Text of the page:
They should care – if not out of basic human decency then because these young men will eventually get out of prison. They will re-enter their communities, many lacking an education, many lacking treatment for their disabilities, many severely scarred both physically and psychologically by their experience.
GEO purchased the company, Cornell Companies Inc., that had been operating the prison since 2003.
GEO, which was born as Wackenhut Corrections Corp. in 1984, is the second-largest prison company in America, with 66,000 beds at 65 prison facilities across the U.S. and another seven overseas. With a total of 4,000 beds in three prisons, including Walnut Grove, the company houses about a quarter of Mississippi’s prison population.
Built with $41 million in taxpayer subsidies, Walnut Grove has generated about $100 million in revenue for the companies operating it since the doors opened in 2001.
With the acquisition of Walnut Grove and its other prison projects, GEO is riding a wave of privatization efforts.
Los Angeles students protest school police citations that hit blacks, Latinos.
Los Angeles public-school students rallied Thursday against the large volume of court citations they have been issued for seemingly minor infractions, including tardiness, having a marker or “tool” for graffiti and for acting disruptive.
The citations, issued by the Los Angeles Unified School District Police Department, have been the subject of recent stories by the Center for Public Integrity. Television station KTLA in Los Angeles covered the rally, posting on its website that: “The Center for Public Integrity took a closer look at exactly how school policing is being done, and their findings are raising some major concerns.” KTLA describes some of the Center’s findings from an analysis of three years’ worth of citations recently released by the school district police.
More than 40 percent of 33,500 court summonses issued to students between 10 and 18 went to students 14 and younger. African American students, 10 percent of enrollment, were 15 percent of those cited last year and 20 percent in 2010. The district’s school police force, with 340 sworn officers and staff, is the largest in the nation.
Southern California public radio station KPCC, which co-reported a piece on the citations with the Center, also covered the students’ protest rally Thursday. KPCC reported that some community groups believe a moratorium on ticketing should be declared until the district completes a thorough analysis of the data. One of those groups, the Labor-Community Strategy Center has released its own analyses of the new citation data. KPCC reported that school police don’t plan to stop ticketing.http://www.iwatchnews.org/2012/05/04/8813/los-angeles-students-protest-school-police-citations-hit-blacks-latinos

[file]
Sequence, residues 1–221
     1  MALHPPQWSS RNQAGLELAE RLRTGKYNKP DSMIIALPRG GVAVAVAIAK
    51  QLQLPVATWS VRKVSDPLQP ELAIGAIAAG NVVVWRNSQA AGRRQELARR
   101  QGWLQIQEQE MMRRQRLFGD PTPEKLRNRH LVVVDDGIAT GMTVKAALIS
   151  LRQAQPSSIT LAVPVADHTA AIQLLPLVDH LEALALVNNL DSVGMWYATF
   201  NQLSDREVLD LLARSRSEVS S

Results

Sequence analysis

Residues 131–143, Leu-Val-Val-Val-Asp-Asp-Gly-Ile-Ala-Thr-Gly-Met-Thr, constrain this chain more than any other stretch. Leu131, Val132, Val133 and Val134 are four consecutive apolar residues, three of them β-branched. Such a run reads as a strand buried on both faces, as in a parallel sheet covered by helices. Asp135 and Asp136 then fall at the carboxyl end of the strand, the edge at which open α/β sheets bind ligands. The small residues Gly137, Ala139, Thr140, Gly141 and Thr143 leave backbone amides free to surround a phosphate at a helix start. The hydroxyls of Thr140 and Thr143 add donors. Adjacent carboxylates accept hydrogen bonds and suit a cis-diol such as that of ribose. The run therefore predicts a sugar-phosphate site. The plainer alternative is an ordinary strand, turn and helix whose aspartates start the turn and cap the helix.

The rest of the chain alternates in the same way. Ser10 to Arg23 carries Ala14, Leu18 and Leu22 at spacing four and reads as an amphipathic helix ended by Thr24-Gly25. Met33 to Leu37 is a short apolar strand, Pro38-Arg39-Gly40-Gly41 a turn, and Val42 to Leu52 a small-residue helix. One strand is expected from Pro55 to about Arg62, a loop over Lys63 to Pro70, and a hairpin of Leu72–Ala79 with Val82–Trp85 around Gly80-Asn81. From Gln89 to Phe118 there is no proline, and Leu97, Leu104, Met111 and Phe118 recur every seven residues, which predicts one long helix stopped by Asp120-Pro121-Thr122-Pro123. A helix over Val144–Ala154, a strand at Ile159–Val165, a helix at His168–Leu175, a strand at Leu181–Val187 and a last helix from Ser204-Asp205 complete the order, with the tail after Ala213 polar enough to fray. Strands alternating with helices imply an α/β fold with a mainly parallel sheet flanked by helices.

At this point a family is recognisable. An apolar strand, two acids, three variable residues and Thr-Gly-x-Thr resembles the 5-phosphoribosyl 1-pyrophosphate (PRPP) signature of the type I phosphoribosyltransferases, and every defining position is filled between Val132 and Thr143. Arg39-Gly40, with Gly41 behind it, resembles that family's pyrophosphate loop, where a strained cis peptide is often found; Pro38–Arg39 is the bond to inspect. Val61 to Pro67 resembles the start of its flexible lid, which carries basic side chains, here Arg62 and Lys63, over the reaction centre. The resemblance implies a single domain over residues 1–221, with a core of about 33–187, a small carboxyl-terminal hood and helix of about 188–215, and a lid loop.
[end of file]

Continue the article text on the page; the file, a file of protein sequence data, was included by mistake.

Ex-Con shareholder goes after world's biggest prison corporation.
On May 11, 2012, at the annual meeting of Corrections Corporation of America, the nation's largest private prison company, shareholder activist Alex Friedmann will have exactly two minutes to speak about the unconventional resolution he introduced earlier this year to the chagrin of CCA's board.
The resolution is unconventional because it concerns not corporate profits or dividends, but the well-being of the roughly 81,000 inmates in CCA's care. Friedmann, too, is unconventional, for although he holds just $2,000 or so worth of CCA stock, he has inside knowledge of the company's practices—because he served time at one of its prisons.
Indeed, Friedmann spent six years at CCA's South Central Correctional Facility in Clifton, Tennessee—part of his 10-year sentence for attempted murder, armed robbery, and attempted aggravated robbery. Since getting out in 1999, he has been an advocate for prisoners' rights and criminal justice reform. Now he's an editor with Prison Legal News and head of Private Corrections Institute, a nonprofit watchdog.
Friedmann's controversial resolution addresses the longstanding problem of rape in US prisons and jails. If it passes, CCA's board will have to submit twice-a-year reports to stockholders detailing the board's oversight of company efforts to curb rape and sexual abuse, and include detailed statistics on any such incidents. "If CCA has to report this information they will have a greater incentive to reduce rape and sexual abuse because it will make the company look bad if they have very high numbers," he says. "And if they have to report this, the public, i.e. CCA shareholders, will be able to judge the effectiveness."
In a 2007 survey of local jails by the Bureau of Justice Statistics, a CCA facility in Torrance County, New Mexico, clocked in with the highest rate of sexual victimization (13.4 percent), more than four times the national average. It also had the highest rate of staff-on-inmate sexual victimization—7 percent, as compared with a national average of around 2 percent.
CCA can certainly afford to address the issue. The longtime industry leader in prisons and immigrant detention, it owns or operates 67 facilities (see table of its customers below) and boasts about $1.7 billion in annual revenues—more than 40 percent of which come from the federal government and most of the rest from the states and localities. The company reportedly employs 35 lobbyists on Capitol Hill, and hundreds more in 33 states over the past eight years.